HAK: Could you give us an assessment of how this reduction in aircraft impacts on contingency plans? [I don’t know who the “you” is—probably Packard and AJ together.]

DP: The F–111 is an internal defense issue. We have no specific commitment to NATO to deploy F–111; however, the deployment is expected as part of our force mobilization. When deployed, their primary purpose will be deep interdiction. A–7 and F–4 are also an internal matter.

RH: In other words, for big reductions in the budget, big decisions are needed.

HAK: Let’s meet again on the NATO issue: I need a brief assessment of the effect of budget reductions on the readiness of NATO forces and State views of the diplomatic and political consequences of these reductions. Then we may have to make some recommendations to the [Page 351]President. Alexis Johnson and Ron Spiers should do this. Admiral Johnson will give them the impact of the reductions on our contingency plans.

DP: With respect to the F–14 and F–15 issue, these aircraft are useful in SE Asia. They have a longer range and better load capabilities. They also are the modernization aircraft we need for the 1975–83 period. However, getting cost down will be a big problem.

[Packard then turned to strategic force issues.]

DP: On Minuteman, we will have 10 in FY 70 and 110 in FY 71. This is a stretch-out and reduction of earlier planned deployments. FY 71 costs are reduced by $180 million, but the long-term cost will increase by about $50 million. We could have 210 by FY 72, 330 by FY 73, 446 by FY 74, 500[H11001] by FY 75. This decision pushes the Minuteman modernization problem out in front. As a result of Congressional action on Poseidon, we have reduced modernization from 7 to 3 for FY 71. [This means we would have 16 out of the 31 Poseidon modernized by the end of FY 71.] We also intend to implement the stellar navigational capability program. This will cost $21 million. We should take another look at this problem.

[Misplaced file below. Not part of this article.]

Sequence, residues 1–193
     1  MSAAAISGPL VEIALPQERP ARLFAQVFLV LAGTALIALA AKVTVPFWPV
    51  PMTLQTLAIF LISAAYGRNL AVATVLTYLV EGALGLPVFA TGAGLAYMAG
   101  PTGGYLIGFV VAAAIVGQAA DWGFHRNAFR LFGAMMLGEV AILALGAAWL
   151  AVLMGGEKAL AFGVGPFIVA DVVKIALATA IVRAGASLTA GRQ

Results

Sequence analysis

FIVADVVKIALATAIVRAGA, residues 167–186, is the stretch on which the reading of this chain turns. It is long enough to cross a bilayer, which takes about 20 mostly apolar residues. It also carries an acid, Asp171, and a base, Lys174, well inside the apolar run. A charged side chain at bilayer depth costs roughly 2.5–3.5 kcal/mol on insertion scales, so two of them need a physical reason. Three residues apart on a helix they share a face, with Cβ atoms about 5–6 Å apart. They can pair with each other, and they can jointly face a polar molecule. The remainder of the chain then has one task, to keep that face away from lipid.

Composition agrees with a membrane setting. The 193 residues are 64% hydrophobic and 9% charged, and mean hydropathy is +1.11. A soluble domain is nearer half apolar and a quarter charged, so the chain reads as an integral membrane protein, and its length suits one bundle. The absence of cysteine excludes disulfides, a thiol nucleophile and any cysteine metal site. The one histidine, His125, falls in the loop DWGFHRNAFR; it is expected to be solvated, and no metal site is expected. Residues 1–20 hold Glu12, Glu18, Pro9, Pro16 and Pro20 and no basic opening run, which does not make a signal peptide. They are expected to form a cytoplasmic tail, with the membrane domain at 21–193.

The strategic bomber presents a big problem in the long run; however, the FY 71 implications are not great. We are looking at three alternatives saving from $138 million up to $252 million: The Secretary of the Air Force is recommending something in between. Should we look at this issue (AMSA) in the Committee?

HAK: Larry, do this.

DP: I will furnish back-up material on the AMSA issue.

HAK: Do we have a big problem with Poseidon?

GW: It takes a long time to refit Poseidon missiles with MIRVs—one year. Three are now in for refit.

DP: The FY 71 budget includes $958 million for Safeguard. The FY 70 budget included $893 million. There is a little delay in the progress: completion date is now Sept 1974 for Phase I. There are three alternatives for Phase II: defense of MM, defense of bombers and areas, and overall China defense. Phase II would be completed by 1976. FY 71 outlay is roughly 1/3 what is shown on the table. I think we ought to discuss Safeguard next time.7

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HAK: We need enough of Phase II to show a commitment to China area defense.8